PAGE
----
Mt. Dayungan Traverse: Trailblazing and an Overdose of Sunshine

Mt. Dayungan – Silanguin Cove Traverse
Brgy. Cawag, Subic, Zambales
March 9-10, 2013

So this is what it’s like to climb on a sunny day.

Look, clear skies!

Look, clear skies!

I have the bad weather curse. Whenever I go on a climb, chances are it’s going to rain or better yet, a typhoon is going to make landfall right where we are.

It was a rare sight then to see sunshine and blue skies on our traverse of Mt. Dayungan in Subic, Zambales. Situated in the same area as Cinco Picos and Balingkilat, Dayungan is the lesser known peak that doesn’t get as much visitors as its relatively more famous neighbors. The mountain’s obscurity is made obvious by the absence of an established trail going to the summit.

The climb started before daylight with a two-hour trek on flat, grassy terrain. At around 7am, we stopped for breakfast on Bayukan River, which also happens to be the last water source.

Trekking on level ground (Photo credit: Naldy De Leon)

Trekking on level ground (Photo credit: Naldy De Leon)

Rest stop on the riverbank (Photo credit: Naldy De Leon)

Rest stop on the riverbank (Photo credit: Naldy De Leon)

The rolling terrain continued for another half hour or so of trekking. We reached the start of the moderately steep slopes at around 8:30am, just as the gentle morning rays were beginning to shift to full-on scorching sunlight.

Group photo before the start of continuous ascent

Group photo before the start of continuous ascent

From here on out, there was almost no break in the ascent. The trail was open all throughout, with knee-high grasses as the only vegetation. The ground consisted of loose rocks and lumps of cracked soil. The trail, or what passed for it, was littered with boulders in the higher elevations. We had to carefully make our way around them while also looking out for holes on the ground. Trekking with no established trail was tough and it didn’t help that the sun’s death rays were frying our brains the whole time.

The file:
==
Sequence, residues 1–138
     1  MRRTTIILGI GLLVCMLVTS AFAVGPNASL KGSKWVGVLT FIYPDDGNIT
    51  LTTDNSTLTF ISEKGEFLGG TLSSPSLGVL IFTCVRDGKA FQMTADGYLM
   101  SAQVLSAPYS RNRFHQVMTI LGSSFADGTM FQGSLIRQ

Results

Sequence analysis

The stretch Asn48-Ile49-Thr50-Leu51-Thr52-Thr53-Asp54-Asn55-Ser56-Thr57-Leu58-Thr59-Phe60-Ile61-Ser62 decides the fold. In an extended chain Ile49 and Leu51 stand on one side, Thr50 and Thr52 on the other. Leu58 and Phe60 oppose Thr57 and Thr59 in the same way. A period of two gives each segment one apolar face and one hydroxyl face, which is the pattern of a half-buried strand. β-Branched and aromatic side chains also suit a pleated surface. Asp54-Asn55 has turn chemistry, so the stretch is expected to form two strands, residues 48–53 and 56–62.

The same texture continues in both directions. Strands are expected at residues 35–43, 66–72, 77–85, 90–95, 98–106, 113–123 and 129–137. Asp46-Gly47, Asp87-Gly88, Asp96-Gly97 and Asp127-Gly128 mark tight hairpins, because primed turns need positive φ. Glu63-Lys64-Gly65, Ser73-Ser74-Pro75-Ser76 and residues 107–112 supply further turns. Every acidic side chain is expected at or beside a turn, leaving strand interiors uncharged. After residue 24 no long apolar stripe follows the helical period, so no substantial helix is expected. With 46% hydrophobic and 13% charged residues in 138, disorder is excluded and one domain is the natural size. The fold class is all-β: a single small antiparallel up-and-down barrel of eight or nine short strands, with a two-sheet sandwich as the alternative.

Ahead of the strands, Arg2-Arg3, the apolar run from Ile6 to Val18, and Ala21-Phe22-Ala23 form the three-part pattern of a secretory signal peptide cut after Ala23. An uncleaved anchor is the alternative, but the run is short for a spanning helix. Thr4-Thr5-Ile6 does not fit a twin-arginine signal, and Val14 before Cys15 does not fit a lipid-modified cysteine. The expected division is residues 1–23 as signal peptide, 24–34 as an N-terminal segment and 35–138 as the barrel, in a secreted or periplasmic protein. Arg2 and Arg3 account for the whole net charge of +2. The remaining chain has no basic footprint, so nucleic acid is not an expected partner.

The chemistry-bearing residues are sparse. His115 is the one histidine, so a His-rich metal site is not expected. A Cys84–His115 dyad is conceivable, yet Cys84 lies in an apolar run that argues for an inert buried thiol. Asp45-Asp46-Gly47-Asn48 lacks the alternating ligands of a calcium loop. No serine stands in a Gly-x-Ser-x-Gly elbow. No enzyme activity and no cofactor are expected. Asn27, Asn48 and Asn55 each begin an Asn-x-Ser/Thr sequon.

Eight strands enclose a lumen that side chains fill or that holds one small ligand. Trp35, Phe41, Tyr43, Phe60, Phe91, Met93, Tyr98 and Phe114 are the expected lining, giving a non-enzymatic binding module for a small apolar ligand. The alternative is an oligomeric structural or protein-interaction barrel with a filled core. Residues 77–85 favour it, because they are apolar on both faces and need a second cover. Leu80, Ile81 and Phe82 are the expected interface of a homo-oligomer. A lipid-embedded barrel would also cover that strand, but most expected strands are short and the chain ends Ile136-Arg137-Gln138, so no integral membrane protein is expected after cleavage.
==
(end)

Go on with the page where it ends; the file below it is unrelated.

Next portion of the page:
The most annoying part though was the “peaks of deception.” We thought the highest peak we could see was already the summit of Mt. Dayungan. Upon reaching it, it turned out there was another higher point far off in the distance. I couldn’t stand any more of the suspense (and blood-curling exasperation) so I pestered Kuya Binggoy, our local guide, into telling us where on earth the summit was.

Hindi pa ‘yan (referring to the peak in front of us). ‘Yung susunod pa,” he said.

I groaned quietly and continued walking. We encountered about three or four peaks of deception before reaching the real summit.

Boulders all around (Photo credit: Naldy De Leon)

Boulders all around (Photo credit: Naldy De Leon)

View of Mt. Balingkilat from Dayungan

View of Mt. Balingkilat from Dayungan

The hike from jump-off to summit took about six hours. The midday heat was unbearable but the view on the peak was a visual feast. The bare mountain ranges and arid grasslands stood out in stark contrast against the clear blue sky. We also had an unobstructed view of Silanguin Cove, which would be our campsite later that day.

The summit of Mt. Dayungan is spacious enough for camping and there’s an enclosed bamboo area that provides a cool shade against the harsh sunlight. There is no water source though so you’d have to haul water all the way from the river.

Sir Naldy on the summit (Photo credit: Naldy De Leon)

Sir Naldy on the summit (Photo credit: Naldy De Leon)

Ma’am Crislyn with Mt. Cinco Picos in the background (Photo credit: Naldy De Leon)

Ma’am Crislyn with Mt. Cinco Picos in the background (Photo credit: Naldy De Leon)

Group photo on the summit (Photo credit: Mike Babao)

Group photo on the summit (Photo credit: Mike Babao)

The descent to Silanguin was yet another challenge. The steep slopes and loose rocks made the trek difficult, apart from trailblazing all the way down. After four days of walking, crawling and scrambling on the brutal terrains of Mantalingajan, trailblazing on another mountain was the last thing I wanted to do.